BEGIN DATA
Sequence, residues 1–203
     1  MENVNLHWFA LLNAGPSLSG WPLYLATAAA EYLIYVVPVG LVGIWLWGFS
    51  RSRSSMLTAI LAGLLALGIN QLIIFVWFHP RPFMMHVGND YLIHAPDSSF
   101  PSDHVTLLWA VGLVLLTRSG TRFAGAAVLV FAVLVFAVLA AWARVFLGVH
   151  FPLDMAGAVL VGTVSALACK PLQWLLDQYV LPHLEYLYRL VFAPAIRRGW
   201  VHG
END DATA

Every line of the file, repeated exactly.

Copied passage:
Sequence, residues 1–203
     1  MENVNLHWFA LLNAGPSLSG WPLYLATAAA EYLIYVVPVG LVGIWLWGFS
    51  RSRSSMLTAI LAGLLALGIN QLIIFVWFHP RPFMMHVGND YLIHAPDSSF
   101  PSDHVTLLWA VGLVLLTRSG TRFAGAAVLV FAVLVFAVLA AWARVFLGVH
   151  FPLDMAGAVL VGTVSALACK PLQWLLDQYV LPHLEYLYRL VFAPAIRRGW
   201  VHG